Jamo 507 Floor standing speakers

The Danish-made Jamo 507 is next to the top of the company's new "07" line of loudspeaker systems. That it is not just another me-too design is immediately apparent: Standing 36 inches high and weighing a solid 42 pounds, the speaker has front and back panels only 5 inches wide. Curved sides, finished in mahogany, give the cabinet a maximum width of 8-3/4 inches, and a 1/4-inch-thick glass plate covers the top. The speaker is supplied with spikes whose use is optional but recommended by Jamo. Rubber feet are also furnished for installation on hard floors such as wood or stone.

The front is covered by a two-section black cloth grille. The lower part, which is purely decorative, is not removable. The upper grille, retained by small built-in magnets at its sides, lifts off easily to reveal two 4-inch cone drivers flanking a 1-inch soft-dome tweeter. These drivers handle frequencies above 150 Hz, with a 3-kHz crossover between them.

The range below 150 Hz is handled by a pair of specially developed 6-1/2-inch cone woofers mounted between two chambers within the enclosure. One chamber is closed, while the other radiates into the room through a ducted port on the rear of the cabinet. The two woofers are mounted in a push-pull arrangement, which Jamo says enables them to work as though they were in a much larger enclosure.

Also on the back of the cabinet is a recessed connection panel containing two pairs of gold-plated binding posts suitable for use with single or double banana plugs, lugs, or wire ends. They are normally strapped together with removable jumpers for conventional connection to the amplifier. With the jumper straps removed, the bass and upper-frequency drivers can be fed via separate cables from a single stereo amplifier (biwiring) or from two separate amplifiers (biamplification).

Jamo rates the Model 507 for operation at power levels up to 150 watts (200 watts for short-term peaks). Its nominal impedance is 4 ohms, its frequency range 40 Hz to 20 kHz.

We measured the room response of the two Jamo 507's with the speakers installed about 7 feet apart, 1 foot from the wall behind them and 4 feet from the side walls. Jamo recommends placing their backs close to a wall for best bass performance and points out that their narrow front panels minimize high-frequency diffraction that could cause response irregularities.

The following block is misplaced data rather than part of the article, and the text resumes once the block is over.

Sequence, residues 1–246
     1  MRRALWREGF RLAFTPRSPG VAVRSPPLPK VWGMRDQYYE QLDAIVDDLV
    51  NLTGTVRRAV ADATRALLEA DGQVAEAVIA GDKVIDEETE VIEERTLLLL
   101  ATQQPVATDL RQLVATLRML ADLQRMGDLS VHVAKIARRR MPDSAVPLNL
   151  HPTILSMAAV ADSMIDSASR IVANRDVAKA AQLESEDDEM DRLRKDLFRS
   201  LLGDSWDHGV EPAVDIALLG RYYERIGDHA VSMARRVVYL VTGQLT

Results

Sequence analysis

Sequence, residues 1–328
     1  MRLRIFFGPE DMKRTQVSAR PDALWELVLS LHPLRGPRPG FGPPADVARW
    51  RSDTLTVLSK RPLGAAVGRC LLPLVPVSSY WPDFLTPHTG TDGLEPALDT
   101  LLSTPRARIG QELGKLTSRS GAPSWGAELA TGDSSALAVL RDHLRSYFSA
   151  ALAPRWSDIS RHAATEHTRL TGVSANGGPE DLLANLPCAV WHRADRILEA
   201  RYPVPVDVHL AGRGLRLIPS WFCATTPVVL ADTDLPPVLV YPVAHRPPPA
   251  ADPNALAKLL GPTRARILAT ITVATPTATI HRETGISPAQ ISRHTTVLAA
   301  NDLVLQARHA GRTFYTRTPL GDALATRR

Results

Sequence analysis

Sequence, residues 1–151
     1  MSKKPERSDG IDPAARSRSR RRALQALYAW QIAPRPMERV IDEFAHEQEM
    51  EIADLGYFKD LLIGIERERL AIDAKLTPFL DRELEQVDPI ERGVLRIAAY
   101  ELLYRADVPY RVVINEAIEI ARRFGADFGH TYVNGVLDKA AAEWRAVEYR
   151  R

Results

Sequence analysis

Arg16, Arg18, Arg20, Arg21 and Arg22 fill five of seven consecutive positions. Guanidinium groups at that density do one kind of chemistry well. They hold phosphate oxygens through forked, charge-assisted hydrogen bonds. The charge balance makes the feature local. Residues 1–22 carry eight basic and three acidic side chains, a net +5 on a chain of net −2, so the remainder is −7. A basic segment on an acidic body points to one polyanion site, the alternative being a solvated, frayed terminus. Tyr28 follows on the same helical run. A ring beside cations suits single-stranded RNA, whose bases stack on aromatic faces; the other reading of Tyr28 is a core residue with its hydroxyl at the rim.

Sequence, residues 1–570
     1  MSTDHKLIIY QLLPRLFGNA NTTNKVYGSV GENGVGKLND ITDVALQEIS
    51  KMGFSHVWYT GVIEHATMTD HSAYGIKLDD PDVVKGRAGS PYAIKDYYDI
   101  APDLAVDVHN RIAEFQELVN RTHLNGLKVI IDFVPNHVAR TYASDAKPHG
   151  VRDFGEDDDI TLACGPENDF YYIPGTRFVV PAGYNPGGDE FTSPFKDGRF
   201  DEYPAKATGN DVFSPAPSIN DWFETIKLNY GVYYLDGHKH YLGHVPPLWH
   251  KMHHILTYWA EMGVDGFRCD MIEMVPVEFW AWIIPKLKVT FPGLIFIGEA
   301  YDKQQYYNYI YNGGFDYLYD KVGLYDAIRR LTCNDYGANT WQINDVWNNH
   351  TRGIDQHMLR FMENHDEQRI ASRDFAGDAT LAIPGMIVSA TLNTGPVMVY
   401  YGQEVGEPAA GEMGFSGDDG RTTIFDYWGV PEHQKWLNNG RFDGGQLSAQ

The averaged room response of the two speakers was very smooth and uniform over most of the audio range. The woofer response spanned just over one octave, from approximately 40 to 115 Hz, falling at 24 dB per octave below 50 Hz and at about 30 dB per octave above 100 Hz. The output of the two midrange drivers joined the woofer output at 110 Hz, and their combined response was +/-4 dB from 40 Hz to 3 kHz.

The system's composite response, based on close-miked measurements of the low-frequency and midrange drivers and the total room response of o all of the drivers, was flat within +/- 2.5° dB from 700 Hz to 20 kHz and +/-1.8 g dB from 700 to 46 Hz. There was a double-humped peak of 3 or 4 dB in the 12- to 16-kHz range that we later confirmed with quasi-anechoic MLS response measurements. The tweeter had the good high-frequency dispersion typical of 1-inch dome radiators: At 45 degrees off-axis, it was down 6 dB at 10 kHz and 10 dB at 20 kHz.

The system impedance fell to a rather low 2.6ohms at 120 Hz but averaged close to 4 ohms between 100 Hz and 1 kHz. It climbed at high frequencies to about 12.5 ohms at 20 kHz. As with most other multicavity bass radiators we have tested, the phase component of the impedance measurement was ragged below about 250 Hz (probably not of any audible significance).

Sensitivity was, as rated, 90 dB sound-pressure level (SPL) at 1 meter with an input of 2.83 volts of pink noise. At that level, the woofer distortion was between 0.9 and 1.5 percent from 110 Hz to 42 Hz, rising to 9 percent at 30 Hz-impressive performance from a speaker with the Jamo 507's driver complement. The small drivers were also able to absorb large short-duration power peaks without damage or excessive distortion. The tweeter and midrange drivers were not harmed by single-cycle tone bursts of 650 watts at 10 kHz and 1,050 watts at 1 kHz. A 100-Hz burst of 645 watts drove the woofer cones to their limits, adding a "hard" quality to the sound, but caused no damage.

As is our usual practice, we listened to the Jamo 507's for some time before performing any measurements. Their smoothness and wide range were obvious from the first moment. After several days of listening, the measurements were not too surprising, merely confirming this unconventional speaker's excellence. It was interesting to feel the sides of the cabinet while it was reproducing low frequencies. When we played a 31,5-Hz test tone at a room-filling level, there was hardly a trace of vibration to be felt on the exterior of the cabinet, yet the output was obviously mostly the fundamental, not harmonics of it-something not usually experienced from a pair of 6-inch cones.

Jamo says the cabinet's sides are a sandwich of grooved chipboard and conventional medium-density fiber-board (MDF). When the two boards are glued together, they form an arcshaped, extremely rigid structure with thoroughly damped resonances. As our listening confirmed, that results in a "dead" cabinet with a minimum of sound coloration.

Over the years, I have seen and heard, and sometimes tested, quite a few unconventional, innovatively designed and constructed speakers. Unfortunately, their sound quality has rarely correlated with their special features, or with their often high prices. The Jamo 507 is a happy exception-a tastefully styled, ingeniously designed, and thoroughly listenable speaker. All things considered, it is not unreasonably priced, and we were very impressed with its performance. Hear it if you can.

Jamo 507 Floor standing speakers photo